The changes had the desired impact, and Leeds started the second half much better equipped to compete on equal terms, with Bowyer coming close in the opening seconds. Bakke's physical presence made a significant difference,Harry Kewell beats Fabien Barthez comprehensively to give Leeds the lead particularly after 63 minutes when he clashed with Butt, leading to the England midfielder having to be withdrawn due to a hip injury. Luke Chadwick replaced him, dropping into a right wing position and allowing Beckham to move into a central role.

The incident was crucial and just three minutes later Leeds took the lead which their improved play had hinted at. Chadwick moved out to challenge Ian Harte, 35 yards from goal on the left and prevented him going wide onto his favoured foot. Job done, Alex Ferguson might have thought, but the Irish left back moved in on his right and floated over a wonderful cross from his supposedly weaker side. Harry Kewell rose unmarked in the middle of the area, with neither Ferdinand nor Silvestre close enough to challenge, and flicked a clever header well clear of Fabien Barthez and into the far corner to stun the Mancunians.

It was the cue for exultant celebrations at the corner flag and excited cries of 'Rio, Rio, what's the score?' from the partisan crowd.

Leeds were determined to protect their hard won advantage and brought Stephen McPhail on for the flagging Viduka, pushing the tigerish Smith up front to fight a lone battle, which he did with aggression and no little skill. Alex Ferguson was more positive with his change, withdrawing the out of touch van Nistelrooy and throwing on Diego Forlan, although the Uruguayan could add no more bite to the attack than the Dutchman.

Smith, however, played like a man possessed and gave his opponents endless problems. He was in on the ribs of Ferdinand at every opportunity, giving a masterly demonstration of the art of the target man, predictably earning a booking for a second foul on Silvestre. His performance was marvellous to watch for the Leeds fans, and they got behind him, even forgetting for a while to bait Ferdinand in their excitement.

In the closing minutes, Ole Gunnar Solskjaer spitefully went in late on Kewell after the Australian had cleared his lines, provoking an ill tempered bout of pushing and shoving, which ended with Solskjaer and Ian Harte receiving yellow cards.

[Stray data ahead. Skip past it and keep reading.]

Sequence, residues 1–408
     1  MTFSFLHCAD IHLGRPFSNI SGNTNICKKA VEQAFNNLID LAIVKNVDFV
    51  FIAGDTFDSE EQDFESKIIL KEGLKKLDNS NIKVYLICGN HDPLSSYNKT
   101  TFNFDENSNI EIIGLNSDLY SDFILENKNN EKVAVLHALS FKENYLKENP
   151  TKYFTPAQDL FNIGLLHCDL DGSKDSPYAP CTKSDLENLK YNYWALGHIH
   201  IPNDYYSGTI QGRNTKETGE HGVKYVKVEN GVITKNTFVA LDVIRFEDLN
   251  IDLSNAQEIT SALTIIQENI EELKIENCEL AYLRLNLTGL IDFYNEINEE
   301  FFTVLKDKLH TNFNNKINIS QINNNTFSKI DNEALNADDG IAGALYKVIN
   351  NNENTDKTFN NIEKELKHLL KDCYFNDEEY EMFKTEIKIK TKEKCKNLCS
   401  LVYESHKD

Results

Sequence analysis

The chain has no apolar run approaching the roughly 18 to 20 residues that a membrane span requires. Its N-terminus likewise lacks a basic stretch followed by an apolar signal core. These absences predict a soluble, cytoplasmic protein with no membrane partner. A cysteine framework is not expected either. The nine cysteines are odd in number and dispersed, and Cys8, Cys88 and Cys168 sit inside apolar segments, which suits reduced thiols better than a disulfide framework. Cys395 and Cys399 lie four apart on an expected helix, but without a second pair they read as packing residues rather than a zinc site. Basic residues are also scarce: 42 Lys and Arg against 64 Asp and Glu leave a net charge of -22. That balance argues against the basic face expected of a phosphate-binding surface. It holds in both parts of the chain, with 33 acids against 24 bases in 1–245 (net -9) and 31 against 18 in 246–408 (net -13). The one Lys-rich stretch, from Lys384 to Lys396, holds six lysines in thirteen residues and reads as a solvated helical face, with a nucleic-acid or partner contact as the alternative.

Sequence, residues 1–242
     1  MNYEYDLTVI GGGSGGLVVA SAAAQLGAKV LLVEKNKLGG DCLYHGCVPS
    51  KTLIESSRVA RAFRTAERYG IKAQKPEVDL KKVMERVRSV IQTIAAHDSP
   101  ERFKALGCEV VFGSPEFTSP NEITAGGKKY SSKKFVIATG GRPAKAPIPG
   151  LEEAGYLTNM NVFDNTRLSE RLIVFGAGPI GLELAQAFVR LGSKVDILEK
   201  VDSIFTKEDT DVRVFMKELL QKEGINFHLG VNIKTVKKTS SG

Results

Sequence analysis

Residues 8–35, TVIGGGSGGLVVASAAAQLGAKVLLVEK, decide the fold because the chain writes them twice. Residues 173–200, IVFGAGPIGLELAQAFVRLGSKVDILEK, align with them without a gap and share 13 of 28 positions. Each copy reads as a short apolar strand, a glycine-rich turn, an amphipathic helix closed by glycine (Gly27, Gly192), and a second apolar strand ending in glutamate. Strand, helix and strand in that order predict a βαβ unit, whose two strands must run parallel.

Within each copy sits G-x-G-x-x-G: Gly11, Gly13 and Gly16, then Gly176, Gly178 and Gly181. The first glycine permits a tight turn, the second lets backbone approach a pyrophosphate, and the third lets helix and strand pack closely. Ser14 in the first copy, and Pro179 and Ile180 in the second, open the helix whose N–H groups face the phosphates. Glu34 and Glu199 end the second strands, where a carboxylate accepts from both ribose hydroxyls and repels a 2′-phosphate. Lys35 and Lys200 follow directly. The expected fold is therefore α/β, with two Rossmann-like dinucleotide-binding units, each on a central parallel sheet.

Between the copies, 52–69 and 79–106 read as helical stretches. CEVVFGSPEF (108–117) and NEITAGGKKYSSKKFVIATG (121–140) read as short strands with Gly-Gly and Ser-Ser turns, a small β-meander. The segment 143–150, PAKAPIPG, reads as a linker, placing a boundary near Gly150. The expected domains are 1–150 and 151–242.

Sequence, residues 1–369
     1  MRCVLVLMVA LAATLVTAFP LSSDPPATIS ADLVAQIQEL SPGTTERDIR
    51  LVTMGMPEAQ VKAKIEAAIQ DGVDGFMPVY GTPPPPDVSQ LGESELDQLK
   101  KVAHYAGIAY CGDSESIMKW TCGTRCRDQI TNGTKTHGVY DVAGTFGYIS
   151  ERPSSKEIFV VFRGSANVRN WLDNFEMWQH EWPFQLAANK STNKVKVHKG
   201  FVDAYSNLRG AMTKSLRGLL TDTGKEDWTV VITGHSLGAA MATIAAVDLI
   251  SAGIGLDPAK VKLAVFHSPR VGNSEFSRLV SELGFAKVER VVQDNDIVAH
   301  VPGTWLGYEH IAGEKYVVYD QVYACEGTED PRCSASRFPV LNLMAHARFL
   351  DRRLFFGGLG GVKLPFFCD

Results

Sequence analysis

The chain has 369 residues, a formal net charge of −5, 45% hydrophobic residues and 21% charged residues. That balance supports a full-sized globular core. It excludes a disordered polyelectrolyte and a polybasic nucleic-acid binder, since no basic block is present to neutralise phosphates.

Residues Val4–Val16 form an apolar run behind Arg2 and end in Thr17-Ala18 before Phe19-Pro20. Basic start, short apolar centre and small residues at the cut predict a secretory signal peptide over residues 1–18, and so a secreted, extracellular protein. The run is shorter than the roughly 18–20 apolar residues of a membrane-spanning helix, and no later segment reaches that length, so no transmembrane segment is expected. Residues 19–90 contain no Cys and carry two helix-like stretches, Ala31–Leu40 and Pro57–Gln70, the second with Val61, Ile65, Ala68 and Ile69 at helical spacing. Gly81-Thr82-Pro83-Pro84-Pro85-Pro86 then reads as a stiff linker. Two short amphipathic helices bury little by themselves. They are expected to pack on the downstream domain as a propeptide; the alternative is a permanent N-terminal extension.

By now, though, Leeds were assured in their resistance of all that the Reds had to offer, and nearly doubled their lead in the dying seconds when Ferdinand's clearance went straight to Kewell. The Aussie took the opportunity to create a decent angle before firing marginally wide of the goal.

It would have possibly been unfair on Manchester United, but the home fans cheered nearly as loudly as they had when the goal went in. However, the noise when the final whistle went after four minutes of added time (Venables got up off the bench at one stage and shook hands with his staff, only to discover the whistle was for a free kick) was greater than ever as Leeds celebrated their first win over their Old Enemy since George Graham's days.

Venables was all smiles at the end, saying: 'I thought at half-time that we'd be looking for our first win against them in 11 in the next match because they played well and had us on the rack. But we turned it around in the second half. The boys were absolutely outstanding. I thought in the end we had them on the run and we deserved it. They were much better than us in the first half and we were the better side in the second half. After we took the lead we played the ball better and we played it earlier. In the first half we wanted too many touches of the ball and that allowed them to get at us.'

The early kick off, arranged to accommodate live television coverage by Sky, meant that for a few hours at least Leeds were on top of the table. What was even more satisfying was seeing their fiercest rivals and their former captain wallowing in the no man's land of ninth spot.

It was a rare moment of elation in a season that was ultimately to become one of the most depressing in the recent history of Elland Road. For a time at least, however, Terry Venables could bask in the reflected glory of his team seeing off Manchester United, knowing that it would buy him precious time with the demanding Leeds public.